Same-sex relationships are considered unnatural, immoral, ungodly and un-African in many South African schools. This means that sexual and gender diversity is hardly discussed. Teachers and school managers often hold conservative beliefs, and parents are often strongly resistant; teachers are not properly trained in how to conduct sessions about sexual and gender diversity.
Added to this, many Life Orientation programmes maintain heteronormative concepts of gender. These help to foster a culture of heterosexuality and further marginalise lesbians, gays and bisexuals in the schooling system.
5) Teachers’ responses
When it comes to sexuality education, teachers are caught between contradictory values that aren’t always easy to reconcile: national policy and curriculum, the school, personal beliefs, and social and cultural pressures that are often conservative.
Teachers find it challenging to create open dialogue in sexuality education while at the same time maintaining discipline. They struggle with the multiple roles they’re expected to play in these sessions – teacher, confidante, counsellor, social worker.
Researchers have found that teachers’ confidence in teaching sexuality rises when they’ve been doing it for a number of years, have received formal training, are used to discussing sexuality with others and are working within a supportive school environment.
There are several ways to address these concerns so that the curriculum becomes more empowering and relevant for both learners and teachers.
Researchers argue that the model of stressing risk – in light of danger, disease and damage – and responsibility (to take up the “correct” path of behaviour) is limited. They point out that it doesn’t accurately represent the realities of youth sexuality, in particular the youth culture within which young people are immersed, the raced and classed environments in which they live and the diversity of sexual identities to which they ascribe. Sexuality education programmes should be designed to incorporate the positive and pleasurable aspects of sexualities in all their complexities, using young people’s preferred cultural expressions of sexuality.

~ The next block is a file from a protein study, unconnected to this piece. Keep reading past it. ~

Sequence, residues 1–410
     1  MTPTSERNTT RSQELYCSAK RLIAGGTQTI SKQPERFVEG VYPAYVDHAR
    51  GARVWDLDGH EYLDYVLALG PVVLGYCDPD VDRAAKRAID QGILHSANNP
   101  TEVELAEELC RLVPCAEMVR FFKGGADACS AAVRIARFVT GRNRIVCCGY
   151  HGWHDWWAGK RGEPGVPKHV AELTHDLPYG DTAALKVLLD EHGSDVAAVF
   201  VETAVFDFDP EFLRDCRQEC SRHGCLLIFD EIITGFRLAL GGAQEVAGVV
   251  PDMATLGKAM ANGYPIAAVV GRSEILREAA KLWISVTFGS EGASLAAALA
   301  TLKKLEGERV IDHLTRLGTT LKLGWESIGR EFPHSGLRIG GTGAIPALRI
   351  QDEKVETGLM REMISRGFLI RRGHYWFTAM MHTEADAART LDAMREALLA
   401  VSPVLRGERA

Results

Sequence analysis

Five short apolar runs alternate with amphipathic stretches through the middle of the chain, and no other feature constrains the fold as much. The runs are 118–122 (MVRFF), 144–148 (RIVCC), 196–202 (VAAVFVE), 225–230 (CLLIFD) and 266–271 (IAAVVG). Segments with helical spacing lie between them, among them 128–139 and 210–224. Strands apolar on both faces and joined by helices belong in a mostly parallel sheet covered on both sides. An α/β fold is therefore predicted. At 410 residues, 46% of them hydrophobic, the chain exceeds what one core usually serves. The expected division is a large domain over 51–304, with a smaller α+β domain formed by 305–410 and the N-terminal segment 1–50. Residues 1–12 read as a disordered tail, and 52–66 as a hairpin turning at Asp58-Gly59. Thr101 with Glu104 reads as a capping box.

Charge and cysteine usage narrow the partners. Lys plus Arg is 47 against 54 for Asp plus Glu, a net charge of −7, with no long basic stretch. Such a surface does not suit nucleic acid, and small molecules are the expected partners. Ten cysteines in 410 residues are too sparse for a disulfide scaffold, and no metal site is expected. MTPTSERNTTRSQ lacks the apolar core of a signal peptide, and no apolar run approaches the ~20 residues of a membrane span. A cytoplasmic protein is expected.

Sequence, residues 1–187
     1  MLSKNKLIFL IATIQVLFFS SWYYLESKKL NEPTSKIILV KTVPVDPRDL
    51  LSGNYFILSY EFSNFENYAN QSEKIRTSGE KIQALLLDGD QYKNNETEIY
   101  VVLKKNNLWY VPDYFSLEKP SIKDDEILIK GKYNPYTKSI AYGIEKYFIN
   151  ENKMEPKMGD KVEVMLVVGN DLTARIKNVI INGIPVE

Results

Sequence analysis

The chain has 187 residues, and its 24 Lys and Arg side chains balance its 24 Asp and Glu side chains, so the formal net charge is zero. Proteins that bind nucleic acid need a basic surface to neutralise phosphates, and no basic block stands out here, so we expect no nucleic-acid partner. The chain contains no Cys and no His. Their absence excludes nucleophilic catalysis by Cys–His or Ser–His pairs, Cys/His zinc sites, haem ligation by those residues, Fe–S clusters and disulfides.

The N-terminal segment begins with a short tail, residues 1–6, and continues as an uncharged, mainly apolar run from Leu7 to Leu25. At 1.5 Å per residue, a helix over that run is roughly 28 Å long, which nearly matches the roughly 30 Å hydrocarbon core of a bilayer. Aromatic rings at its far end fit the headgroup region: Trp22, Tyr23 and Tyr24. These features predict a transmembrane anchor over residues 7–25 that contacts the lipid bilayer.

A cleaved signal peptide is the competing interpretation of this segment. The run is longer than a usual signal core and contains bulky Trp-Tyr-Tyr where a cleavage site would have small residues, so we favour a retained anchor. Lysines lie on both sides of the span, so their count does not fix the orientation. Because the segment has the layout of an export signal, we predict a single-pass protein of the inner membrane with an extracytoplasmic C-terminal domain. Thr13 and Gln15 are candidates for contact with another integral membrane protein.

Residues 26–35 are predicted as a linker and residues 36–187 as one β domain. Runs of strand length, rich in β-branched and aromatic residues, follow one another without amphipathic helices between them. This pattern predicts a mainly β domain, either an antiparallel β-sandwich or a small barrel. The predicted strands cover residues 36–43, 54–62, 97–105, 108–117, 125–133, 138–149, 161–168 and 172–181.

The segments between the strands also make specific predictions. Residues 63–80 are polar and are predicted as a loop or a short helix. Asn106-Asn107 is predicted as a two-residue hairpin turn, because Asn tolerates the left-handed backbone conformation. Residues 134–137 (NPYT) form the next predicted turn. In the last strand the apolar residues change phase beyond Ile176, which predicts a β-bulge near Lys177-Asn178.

Young people’s experiences and desires need to be taken seriously and their role within the education process appreciated. A learner-focused initiative that places the voices of young people at the centre of their sexuality education needs to be developed.
Sexuality education also needs to disrupt gender stereotypes – particularly those that privilege male power and desire – to move away from prescribing fixed gender roles to young learners, and to highlight fluidity and empowerment.
It’s crucial to undermine the heteronormativity and gendered binaries that currently exist in these programmes. One way to do this is to train teachers in the sexual and reproductive rights that underpin South Africa’s constitution and much of its health legislation.
Teacher training more broadly is very important. Teachers must reflect deeply on their own assumptions about sexualities and gender. They need better support and spaces in which to debrief. It’s also important that they know about the protocols when dealing with reports of sexual violence or other sexuality-related difficulties.
Author’s note: Jonathan Glover, a Master’s student in Clinical Psychology at Rhodes University, co-wrote the policy brief on which this article is based.